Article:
First-time analyses of glaucoma across multiple ancestries find new genetic variants.

In the largest genome-wide association study of glaucoma to date, which compared the genes of 34,179 people with the disease to 349,321 control participants, an international consortium of researchers identified 44 new gene loci and confirmed 83 previously reported loci linked to glaucoma. Loci are considered “genetic street addresses,” denoting a specific location on a gene.

The study’s authors hope the identification of these genes will lead to new treatment targets for this incurable eye disease that is a leading cause of blindness worldwide.

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“These new findings come out of the highest-powered genome-wide association study of glaucoma to date, and show the power of team science and using big data to answer questions when research groups around the world join forces,” said co-senior study author Janey L. Wiggs, the Paul Austin Chandler Professor of Ophthalmology and vice chair for clinical research at Harvard Medical School and associate chief of ophthalmology clinical research at Mass Eye and Ear. “The number of genes identified will lead to the discovery of new biological pathways that can lead to glaucoma and, in turn, new targets for therapeutics,” added Wiggs, the associate director of the Ocular Genomics Institute at HMS.

The findings were published in Nature Communications

Glaucoma affects more than 75 million individuals worldwide, including about 3 million people in the United States, and these numbers are expected to increase with the aging population. Glaucoma causes irreversible damage to the eye’s optic nerve. This damage is often painless and hard to detect at first, but over time can lead to vision loss. Primary open-angle glaucoma is one of the most common forms of the disease and is highly hereditary, but the genes involved in the disease have been poorly understood.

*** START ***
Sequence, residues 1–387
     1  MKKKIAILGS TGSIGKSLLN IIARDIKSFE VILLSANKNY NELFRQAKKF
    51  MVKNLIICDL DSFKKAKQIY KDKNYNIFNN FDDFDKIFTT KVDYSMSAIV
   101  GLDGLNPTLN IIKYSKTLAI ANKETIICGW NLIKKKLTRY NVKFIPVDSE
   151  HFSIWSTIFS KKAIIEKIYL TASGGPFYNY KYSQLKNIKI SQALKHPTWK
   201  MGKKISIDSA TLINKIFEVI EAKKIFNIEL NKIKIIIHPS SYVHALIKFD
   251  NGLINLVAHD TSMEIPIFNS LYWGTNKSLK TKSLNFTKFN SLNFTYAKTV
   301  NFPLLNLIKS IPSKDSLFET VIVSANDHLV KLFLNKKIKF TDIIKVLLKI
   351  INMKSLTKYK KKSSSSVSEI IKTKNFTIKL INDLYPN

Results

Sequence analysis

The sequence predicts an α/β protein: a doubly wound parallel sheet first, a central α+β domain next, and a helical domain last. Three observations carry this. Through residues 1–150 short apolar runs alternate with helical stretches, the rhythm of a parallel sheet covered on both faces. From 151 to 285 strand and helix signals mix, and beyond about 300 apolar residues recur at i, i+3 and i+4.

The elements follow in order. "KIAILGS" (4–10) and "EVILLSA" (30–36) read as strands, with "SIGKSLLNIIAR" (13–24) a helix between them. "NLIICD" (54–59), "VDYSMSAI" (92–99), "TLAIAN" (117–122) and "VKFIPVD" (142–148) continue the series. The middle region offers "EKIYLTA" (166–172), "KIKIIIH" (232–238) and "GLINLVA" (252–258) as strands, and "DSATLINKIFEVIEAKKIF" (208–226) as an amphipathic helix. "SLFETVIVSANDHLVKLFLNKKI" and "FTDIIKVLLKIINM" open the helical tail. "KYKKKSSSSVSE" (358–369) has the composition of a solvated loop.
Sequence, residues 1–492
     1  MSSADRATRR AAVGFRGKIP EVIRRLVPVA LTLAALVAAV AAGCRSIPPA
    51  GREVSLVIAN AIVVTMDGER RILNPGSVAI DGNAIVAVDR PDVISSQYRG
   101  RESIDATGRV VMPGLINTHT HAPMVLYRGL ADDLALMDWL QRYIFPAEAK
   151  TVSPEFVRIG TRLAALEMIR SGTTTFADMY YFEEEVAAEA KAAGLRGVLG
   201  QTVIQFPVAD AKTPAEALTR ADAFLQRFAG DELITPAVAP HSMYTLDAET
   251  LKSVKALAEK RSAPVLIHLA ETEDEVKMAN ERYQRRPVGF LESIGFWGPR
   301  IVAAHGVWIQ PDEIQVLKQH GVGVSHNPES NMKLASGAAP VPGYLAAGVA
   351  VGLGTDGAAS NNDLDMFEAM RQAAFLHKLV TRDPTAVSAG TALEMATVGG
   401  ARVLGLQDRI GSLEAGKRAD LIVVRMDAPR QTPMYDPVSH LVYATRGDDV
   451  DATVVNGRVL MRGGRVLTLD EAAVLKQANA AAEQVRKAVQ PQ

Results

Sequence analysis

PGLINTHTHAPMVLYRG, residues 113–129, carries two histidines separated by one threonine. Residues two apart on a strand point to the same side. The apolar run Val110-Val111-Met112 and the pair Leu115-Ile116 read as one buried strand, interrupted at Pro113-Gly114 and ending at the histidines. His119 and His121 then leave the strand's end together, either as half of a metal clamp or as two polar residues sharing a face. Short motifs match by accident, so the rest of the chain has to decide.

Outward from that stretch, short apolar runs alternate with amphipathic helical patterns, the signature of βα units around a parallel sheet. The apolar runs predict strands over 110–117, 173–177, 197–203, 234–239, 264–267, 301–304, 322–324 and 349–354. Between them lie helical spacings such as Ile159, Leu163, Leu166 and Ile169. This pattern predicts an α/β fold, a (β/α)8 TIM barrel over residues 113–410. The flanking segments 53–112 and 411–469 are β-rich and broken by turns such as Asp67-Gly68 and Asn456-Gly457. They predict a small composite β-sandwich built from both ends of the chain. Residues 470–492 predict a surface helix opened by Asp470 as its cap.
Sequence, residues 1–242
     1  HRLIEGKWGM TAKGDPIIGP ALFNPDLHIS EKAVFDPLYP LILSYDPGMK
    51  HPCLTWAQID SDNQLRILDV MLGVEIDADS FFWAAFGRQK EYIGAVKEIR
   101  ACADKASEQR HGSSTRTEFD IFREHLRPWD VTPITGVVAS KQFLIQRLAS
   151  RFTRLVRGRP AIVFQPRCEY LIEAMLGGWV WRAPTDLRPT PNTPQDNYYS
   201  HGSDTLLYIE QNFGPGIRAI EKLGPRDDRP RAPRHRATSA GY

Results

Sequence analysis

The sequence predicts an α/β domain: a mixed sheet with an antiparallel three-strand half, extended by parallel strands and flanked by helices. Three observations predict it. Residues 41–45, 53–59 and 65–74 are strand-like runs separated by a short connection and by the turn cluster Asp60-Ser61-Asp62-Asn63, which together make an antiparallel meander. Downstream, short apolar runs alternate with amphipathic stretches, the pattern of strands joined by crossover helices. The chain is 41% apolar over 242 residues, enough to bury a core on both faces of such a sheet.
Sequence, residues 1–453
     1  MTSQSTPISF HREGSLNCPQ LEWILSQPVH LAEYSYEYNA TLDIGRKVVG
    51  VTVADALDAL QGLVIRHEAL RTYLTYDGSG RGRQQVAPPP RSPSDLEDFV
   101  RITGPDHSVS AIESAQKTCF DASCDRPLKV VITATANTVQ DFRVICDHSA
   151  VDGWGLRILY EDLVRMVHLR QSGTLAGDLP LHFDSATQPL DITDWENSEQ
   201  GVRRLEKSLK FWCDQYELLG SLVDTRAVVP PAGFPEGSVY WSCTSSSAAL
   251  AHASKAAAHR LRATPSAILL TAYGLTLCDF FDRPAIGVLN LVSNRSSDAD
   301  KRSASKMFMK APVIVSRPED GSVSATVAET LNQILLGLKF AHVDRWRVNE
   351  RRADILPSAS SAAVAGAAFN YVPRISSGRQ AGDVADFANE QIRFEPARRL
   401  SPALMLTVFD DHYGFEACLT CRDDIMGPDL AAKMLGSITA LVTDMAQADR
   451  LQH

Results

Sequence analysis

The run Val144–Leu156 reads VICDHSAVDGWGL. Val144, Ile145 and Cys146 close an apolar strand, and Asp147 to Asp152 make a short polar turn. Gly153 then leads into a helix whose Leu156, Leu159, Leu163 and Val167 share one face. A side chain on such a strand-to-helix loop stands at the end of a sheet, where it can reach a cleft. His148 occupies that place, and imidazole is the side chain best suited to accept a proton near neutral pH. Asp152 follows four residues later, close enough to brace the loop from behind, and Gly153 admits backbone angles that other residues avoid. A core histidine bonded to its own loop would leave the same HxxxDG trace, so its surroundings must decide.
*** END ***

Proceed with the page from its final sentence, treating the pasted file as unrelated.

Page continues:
First cross-ancestry comparison of glaucoma genes

For the first time in a glaucoma genome-wide association study, a cross-ancestry comparison was performed looking at genetic data from people of European, African, and Asian descent. The researchers found that the majority of loci that contribute to glaucoma were consistent across all three groups. Previous studies had mostly looked at gene data from people of European descent.

“Glaucoma rates are highest in African and Asian ancestry groups, but the largest genetic studies of glaucoma in the past focused on people of European ancestry,” said lead author Puya Gharahkhani, associate professor in the Statistical Genetics Laboratory at QIMR Berghofer Medical Research Institute in Australia, adding that “Those studies showed genetic tests could be used to help identify who would benefit from sight-saving early monitoring or treatment, but because of the confines of the genetic data, we weren’t sure until now that the genetic indicators were true for people of different ancestries.”

The cross-ancestry data improved fine-mapping of causal variants linked to glaucoma. By integrating multiple lines of genetic evidence, the researchers implicated previously unknown biological processes that might contribute to the development of the disease.

Genetic findings may lead to better testing and clinical trial targets

Future initiatives for the research group will focus on using these genetic loci to improve screening and diagnosis of glaucoma and eventually develop new treatments.

Previous studies from the group used genes identified to develop polygenic risk scores, which are estimates of a person’s disease risk. This new study can add a larger collection of genetic variants to improve this risk score’s specificity. Such information can be important for screening patients who might be at risk for glaucoma, and for allowing patients with glaucoma to better understand their disease course based on their genetic profile. Studies are planned to identify how patients at higher genetic risk fare clinically, such as determining whether polygenic risk score is linked to a need for eye drops or surgery.

Another future avenue for the research is identifying new causal genes and mechanisms for glaucoma, and using that information to develop therapeutic approaches to target those genes. The identified risk loci include genes highly expressed in relevant eye tissues, nerves, arteries, and other tissues related to glaucoma.

Current glaucoma treatments are aimed at reducing eye pressure in order to slow the disease’s progression and prevent permanent damage to the optic nerve. However, no treatment can stop or cure glaucoma. While some current clinical trials are looking at treatments for certain genes, these new findings might increase the number of targets and lead to more precise treatments.

“Glaucoma is one of the most strongly genetic human diseases, which is why we are looking at the genetic architecture of the disease to find clues on how to prevent and treat it,” said Stuart MacGregor, professor and group leader of QIMR Berghofer’s Statistical Genetics lab and co-senior researcher on the study. “We’re hopeful that understanding the biological processes and knowing which genes control them could help scientists develop new drugs in the future.”

Source: HMS